The land on which this church in Pickens County sits was donated by the area’s first settler, Cornelius Keith of Virginia, who arrived in 1743 to what Cherokee Chief Woolenoy described as the “land of grain and clear water.” The two men formed a treaty soon after Keith’s arrival, and more settlers followed. The natives and the new homesteaders lived peacefully together, and much of the surrounding land was named for the Cherokee leader, though shortened to the English pronunciation, Oolenoy.
Oolenoy Baptist Church was organized in 1795, and the first church building was made of hand-chopped white oak (Quercus alba). Baptisms took place in the nearby Oolenoy River. In 1840 residents acquired an up-and-down saw and built a new plank church along with a wooden baptismal pool, eliminating chilly winter submersions in the river. Members upgraded to a circular saw in 1780, purchased from Augusta, Georgia. They used the new saw to remodel the church several times over the subsequent years. By 1946 the present church was built, which contained a new baptismal pool that replaced the plank one. Renovations continued until 1952, when the building was restructured in brick.
The churchyard for Oolenoy Baptist contains the graves of the area’s earliest residents and is listed in the National Register, which adds the following:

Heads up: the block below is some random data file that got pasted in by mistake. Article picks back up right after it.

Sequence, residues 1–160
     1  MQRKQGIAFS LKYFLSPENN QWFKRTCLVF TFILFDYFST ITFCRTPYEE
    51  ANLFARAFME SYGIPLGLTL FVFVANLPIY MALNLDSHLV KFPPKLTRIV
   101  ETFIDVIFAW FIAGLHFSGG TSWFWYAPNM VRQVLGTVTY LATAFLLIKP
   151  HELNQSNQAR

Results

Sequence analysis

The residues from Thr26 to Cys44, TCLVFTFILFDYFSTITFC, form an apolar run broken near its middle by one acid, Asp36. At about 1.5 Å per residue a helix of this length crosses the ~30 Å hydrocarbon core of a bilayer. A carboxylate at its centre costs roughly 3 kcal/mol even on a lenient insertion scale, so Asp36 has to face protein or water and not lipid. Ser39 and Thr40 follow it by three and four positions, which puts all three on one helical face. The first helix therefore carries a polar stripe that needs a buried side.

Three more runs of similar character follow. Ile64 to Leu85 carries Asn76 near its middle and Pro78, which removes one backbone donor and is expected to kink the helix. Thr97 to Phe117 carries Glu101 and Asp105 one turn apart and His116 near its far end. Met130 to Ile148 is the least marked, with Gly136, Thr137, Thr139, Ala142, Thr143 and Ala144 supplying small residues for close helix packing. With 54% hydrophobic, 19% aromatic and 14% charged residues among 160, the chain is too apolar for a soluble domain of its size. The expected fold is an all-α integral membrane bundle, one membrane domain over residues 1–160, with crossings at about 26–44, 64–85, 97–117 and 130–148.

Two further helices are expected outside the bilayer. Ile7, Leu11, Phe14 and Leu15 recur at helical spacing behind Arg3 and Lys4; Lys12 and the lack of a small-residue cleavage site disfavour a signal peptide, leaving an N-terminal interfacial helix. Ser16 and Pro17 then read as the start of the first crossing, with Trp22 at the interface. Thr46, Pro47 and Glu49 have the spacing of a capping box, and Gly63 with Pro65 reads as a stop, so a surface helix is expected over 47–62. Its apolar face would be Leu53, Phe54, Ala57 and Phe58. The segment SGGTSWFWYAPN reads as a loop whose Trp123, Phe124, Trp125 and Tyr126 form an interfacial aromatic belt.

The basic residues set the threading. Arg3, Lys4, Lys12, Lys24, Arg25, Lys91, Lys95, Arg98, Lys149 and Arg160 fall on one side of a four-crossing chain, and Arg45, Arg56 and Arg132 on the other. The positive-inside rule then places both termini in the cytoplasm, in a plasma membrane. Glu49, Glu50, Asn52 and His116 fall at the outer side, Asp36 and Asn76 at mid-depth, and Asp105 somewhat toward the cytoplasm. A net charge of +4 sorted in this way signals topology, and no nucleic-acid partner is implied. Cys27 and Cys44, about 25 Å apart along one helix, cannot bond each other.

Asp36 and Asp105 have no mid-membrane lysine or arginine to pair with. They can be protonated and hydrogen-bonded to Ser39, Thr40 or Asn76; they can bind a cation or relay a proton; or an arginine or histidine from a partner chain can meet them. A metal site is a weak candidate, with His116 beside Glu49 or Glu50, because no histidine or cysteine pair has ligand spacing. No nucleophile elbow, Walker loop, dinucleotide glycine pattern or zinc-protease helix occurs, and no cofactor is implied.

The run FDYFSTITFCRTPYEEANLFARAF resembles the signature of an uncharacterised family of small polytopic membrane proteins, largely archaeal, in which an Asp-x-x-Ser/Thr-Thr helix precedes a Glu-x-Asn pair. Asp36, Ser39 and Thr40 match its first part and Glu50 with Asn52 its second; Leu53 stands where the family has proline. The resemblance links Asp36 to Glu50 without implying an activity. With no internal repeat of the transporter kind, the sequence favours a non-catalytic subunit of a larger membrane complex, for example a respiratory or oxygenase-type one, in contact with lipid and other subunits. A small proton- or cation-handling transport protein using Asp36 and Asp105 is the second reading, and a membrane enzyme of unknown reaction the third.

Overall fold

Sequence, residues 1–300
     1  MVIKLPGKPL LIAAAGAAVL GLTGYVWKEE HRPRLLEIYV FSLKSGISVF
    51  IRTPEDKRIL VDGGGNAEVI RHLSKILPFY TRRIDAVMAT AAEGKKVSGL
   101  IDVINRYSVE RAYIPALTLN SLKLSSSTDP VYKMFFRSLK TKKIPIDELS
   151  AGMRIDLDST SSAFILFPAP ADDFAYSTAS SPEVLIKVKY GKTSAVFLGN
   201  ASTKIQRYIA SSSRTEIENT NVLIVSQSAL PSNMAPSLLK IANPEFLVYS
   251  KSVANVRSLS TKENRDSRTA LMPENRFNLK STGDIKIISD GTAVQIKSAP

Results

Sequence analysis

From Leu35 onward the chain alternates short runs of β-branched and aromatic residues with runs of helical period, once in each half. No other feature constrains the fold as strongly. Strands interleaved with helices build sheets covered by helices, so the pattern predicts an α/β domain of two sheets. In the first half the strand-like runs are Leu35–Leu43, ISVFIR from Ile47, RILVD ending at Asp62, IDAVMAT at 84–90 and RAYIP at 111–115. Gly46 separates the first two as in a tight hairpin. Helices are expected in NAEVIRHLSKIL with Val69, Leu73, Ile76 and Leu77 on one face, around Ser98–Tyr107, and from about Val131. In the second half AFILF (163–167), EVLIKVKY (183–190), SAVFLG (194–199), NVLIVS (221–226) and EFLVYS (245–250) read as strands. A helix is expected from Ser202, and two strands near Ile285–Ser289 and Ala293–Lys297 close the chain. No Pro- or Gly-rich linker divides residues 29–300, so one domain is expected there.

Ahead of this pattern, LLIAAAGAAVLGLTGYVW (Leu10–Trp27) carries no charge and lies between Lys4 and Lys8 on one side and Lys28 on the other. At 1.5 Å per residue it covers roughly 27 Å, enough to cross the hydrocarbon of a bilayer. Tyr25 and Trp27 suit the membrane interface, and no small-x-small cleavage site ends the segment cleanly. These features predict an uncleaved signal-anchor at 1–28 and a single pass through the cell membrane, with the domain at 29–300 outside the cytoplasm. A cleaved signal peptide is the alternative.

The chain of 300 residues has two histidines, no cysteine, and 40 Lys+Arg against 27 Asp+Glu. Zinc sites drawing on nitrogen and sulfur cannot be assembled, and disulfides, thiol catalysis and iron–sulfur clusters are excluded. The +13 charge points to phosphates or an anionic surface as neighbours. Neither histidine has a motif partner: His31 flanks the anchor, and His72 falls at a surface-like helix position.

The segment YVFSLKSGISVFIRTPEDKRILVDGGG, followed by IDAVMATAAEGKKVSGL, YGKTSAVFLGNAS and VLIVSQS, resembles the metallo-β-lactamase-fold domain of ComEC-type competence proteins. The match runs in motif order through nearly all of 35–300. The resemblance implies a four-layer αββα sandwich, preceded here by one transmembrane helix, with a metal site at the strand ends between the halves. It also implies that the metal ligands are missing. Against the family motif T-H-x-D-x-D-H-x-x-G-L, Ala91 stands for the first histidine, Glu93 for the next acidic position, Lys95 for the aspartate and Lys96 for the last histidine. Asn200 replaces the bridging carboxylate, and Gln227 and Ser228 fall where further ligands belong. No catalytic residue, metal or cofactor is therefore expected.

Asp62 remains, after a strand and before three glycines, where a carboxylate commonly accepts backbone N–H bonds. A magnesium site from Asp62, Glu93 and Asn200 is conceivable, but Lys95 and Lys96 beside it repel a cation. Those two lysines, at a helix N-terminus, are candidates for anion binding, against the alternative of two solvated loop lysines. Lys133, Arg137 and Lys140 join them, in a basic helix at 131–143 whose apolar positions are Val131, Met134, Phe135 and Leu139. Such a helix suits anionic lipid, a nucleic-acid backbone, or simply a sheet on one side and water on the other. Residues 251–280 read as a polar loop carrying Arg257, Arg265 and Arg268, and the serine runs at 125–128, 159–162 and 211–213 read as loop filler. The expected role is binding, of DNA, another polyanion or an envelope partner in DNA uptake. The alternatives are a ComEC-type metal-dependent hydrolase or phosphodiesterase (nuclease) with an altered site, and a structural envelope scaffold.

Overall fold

The Oolenoy Baptist Church Cemetery was established ca. 1798 in the Pumpkintown community of Pendleton (later Pickens) District. Its significance is derived from its age, its association with the early settlement and growth of the South Carolina upcountry, and as a cemetery containing the graves of persons of transcendent local importance. It is also significant for its association with Oolenoy Baptist Church, of which it is adjacent to, founded in 1795 and the first church established in the Pumpkintown community.
The cemetery is an excellent example of a typical early nineteenth century to mid-twentieth century church cemetery illustrating vernacular burial customs and gravestone art of the period. The cemetery contains 839 marked graves, with headstones, footstones, and a few plot enclosures of granite, marble, fieldstone, or soapstone. Most gravestones are marble or granite tablets, though ledgers, box-tombs, tomb-tables, obelisks, and pedestal-tombs are also present. The earliest marked grave dates from 1798, and occasional burials still occur.